The easy upcycling ideas which could make you £1,000 overnight
Over the last 12 months there have been two million Google searches for ‘upcycling’ in the UK alone and data from eBay shows that profits for items such as upcycled cupboards can fetch the owner a healthy £347 overnight. 118 118 Money researched what the most profitable upcycling projects are to shed light on some of the easiest ways to make money without ever leaving home.
Lockdown has seen many people attempt some DIY around their houses, and some even found they had an undiscovered talent for it, but as the world opens up again there’s no need for these skills to go to waste.
Whether it be reupholstering a couch or giving some clothes a new lease of life, upcycling is quickly becoming one of the most lucrative side hustles with the least amount of effort and production cost.
118 118 Money compiled the five most popular, and best-selling, upcycled items, what the production costs could be and the total profits earned.
Cupboards are one of the most sought-after pieces of upcycled furniture, especially as people begin to move around more and more will be moving house and needing the extra closet space.
118 118 Money estimated that the cost of upcycling cupboards, depending on the size, would be around £28 which includes sanding, priming, painting and varnishing.
Potential profit: £347
The profits and costs for this furniture piece is highly dependent on the size and intricacies of the table, as wooden tables with detailed carvings on the legs would require more attention but can fetch a lot more profits too.
Using the price of furniture/chalk paint, lining paper and varnishing, the cost of upcycling a table was estimated to be around £55.
Potential profit – £268
Upcycled and restored bags can fetch a lot of cash depending what brand, style and era it is from. Some bags can appreciate in value over time by as much as 500 percent, making easy profits of over £1,000.
However, that’s not to say that ordinary bags, or even handmade material totes won’t sell for a pretty penny. 118 118 Money estimated the costs of creating one of these totes, including basic sewing essentials, to be around £80.
Potential profit – £248
One of the stranger editions to this list, upcycled lights can be made out of virtually any material so long as the end result is aesthetically pleasing.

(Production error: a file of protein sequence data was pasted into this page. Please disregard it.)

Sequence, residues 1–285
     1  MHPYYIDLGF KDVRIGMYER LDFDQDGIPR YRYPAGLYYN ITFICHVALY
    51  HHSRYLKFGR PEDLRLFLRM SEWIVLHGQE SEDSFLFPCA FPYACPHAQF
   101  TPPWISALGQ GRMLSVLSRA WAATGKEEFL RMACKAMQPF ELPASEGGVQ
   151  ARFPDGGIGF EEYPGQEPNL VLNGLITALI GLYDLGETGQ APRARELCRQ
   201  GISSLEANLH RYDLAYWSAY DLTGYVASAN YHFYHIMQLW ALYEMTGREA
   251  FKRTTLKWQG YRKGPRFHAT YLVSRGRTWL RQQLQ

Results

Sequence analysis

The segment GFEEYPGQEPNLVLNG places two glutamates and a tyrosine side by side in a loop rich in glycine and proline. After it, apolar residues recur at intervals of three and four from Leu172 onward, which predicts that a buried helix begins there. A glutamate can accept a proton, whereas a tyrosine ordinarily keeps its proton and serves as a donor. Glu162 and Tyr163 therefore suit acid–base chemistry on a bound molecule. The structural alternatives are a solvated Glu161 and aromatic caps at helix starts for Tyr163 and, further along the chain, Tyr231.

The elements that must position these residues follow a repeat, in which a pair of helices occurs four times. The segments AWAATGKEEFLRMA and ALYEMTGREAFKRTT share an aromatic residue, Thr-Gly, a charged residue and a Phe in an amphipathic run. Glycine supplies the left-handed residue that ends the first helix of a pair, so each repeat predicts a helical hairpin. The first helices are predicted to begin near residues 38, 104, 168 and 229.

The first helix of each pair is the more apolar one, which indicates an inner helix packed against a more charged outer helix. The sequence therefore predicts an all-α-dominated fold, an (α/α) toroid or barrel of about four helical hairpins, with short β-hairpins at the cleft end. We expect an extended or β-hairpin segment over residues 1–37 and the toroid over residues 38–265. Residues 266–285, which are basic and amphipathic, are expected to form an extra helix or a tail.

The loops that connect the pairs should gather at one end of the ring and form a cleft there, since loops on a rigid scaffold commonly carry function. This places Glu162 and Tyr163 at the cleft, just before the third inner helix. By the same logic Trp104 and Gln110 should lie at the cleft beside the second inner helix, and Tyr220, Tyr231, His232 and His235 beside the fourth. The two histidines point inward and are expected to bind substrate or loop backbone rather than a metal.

Using old bottles, pieces of wood and some LED strips, 118 118 Money estimated the costs of this project to be around £14, again dependent on how much light fixtures one is creating.
Potential profit – £234
Reupholstering, varnishing or simply just wiping down chairs that one already has can increase their value. The cost estimations for this project is around $46, which includes oil, chalk paints and wax sealants.
Potential profit – £173
Total estimated profits: £1,270.
While these figures seem to indicate that upcycling furniture is more of a hobby or side hustle than a potential full-time career, Birmingham resident Anna pairs upcycling with her part-time nursing job and created her own business: Anna’s Art House in October 2020.
She commented: “I’m really lucky, as we have a local charity shop near us where people donate their unwanted furniture that would otherwise go to landfill, this is where I get the majority of my pieces.
“If I’m struggling to find what I need, I do occasionally use Facebook marketplace to find items but it can be a bit hit and miss as you don’t know exactly what you’re getting until it’s in your car!”
She added that her upcycling adventure wasn’t at all expensive to set up, only spending about £10-£15 on items she would then sell for over £100.
“Now, most pieces of furniture I buy are between £20-50 which I then can sell for £200 – £500, depending on the piece. As I work from home I have limited overheads, but I spend about £25 per piece on materials, and due to designing, preparing, and painting, each piece takes two weeks to complete.”
She also added some sound advice for anyone looking to start their own upcycling business venture: “If someone was looking to start upcycling furniture, I say just go for it! It’s much cheaper and better for the environment than buying new, and you can personalise it to your home.
“I’d also say, try not to worry about making it look too perfect, when I first started my business, I’d spend hours trying to perfect it but I think old pieces look their best when they’re a bit rugged and full of charm!”
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